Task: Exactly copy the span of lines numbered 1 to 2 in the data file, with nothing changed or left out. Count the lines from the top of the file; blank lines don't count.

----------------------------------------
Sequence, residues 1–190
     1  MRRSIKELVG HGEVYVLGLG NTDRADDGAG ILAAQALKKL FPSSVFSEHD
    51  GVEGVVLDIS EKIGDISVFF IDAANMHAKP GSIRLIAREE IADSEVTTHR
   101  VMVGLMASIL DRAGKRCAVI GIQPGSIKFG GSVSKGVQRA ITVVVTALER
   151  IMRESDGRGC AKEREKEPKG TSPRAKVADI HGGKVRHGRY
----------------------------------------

Sequence, residues 1–190
     1  MRRSIKELVG HGEVYVLGLG NTDRADDGAG ILAAQALKKL FPSSVFSEHD